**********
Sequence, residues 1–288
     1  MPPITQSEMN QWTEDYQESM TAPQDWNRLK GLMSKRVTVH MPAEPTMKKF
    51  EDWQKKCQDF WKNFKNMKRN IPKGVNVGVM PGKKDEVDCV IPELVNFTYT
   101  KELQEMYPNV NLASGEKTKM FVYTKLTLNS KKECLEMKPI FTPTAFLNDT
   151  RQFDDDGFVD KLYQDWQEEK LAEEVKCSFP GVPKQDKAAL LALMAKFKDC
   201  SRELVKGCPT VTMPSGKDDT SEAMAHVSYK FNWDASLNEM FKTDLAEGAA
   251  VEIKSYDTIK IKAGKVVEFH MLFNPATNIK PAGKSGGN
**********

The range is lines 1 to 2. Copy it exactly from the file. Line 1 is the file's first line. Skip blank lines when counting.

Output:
Sequence, residues 1–288
     1  MPPITQSEMN QWTEDYQESM TAPQDWNRLK GLMSKRVTVH MPAEPTMKKF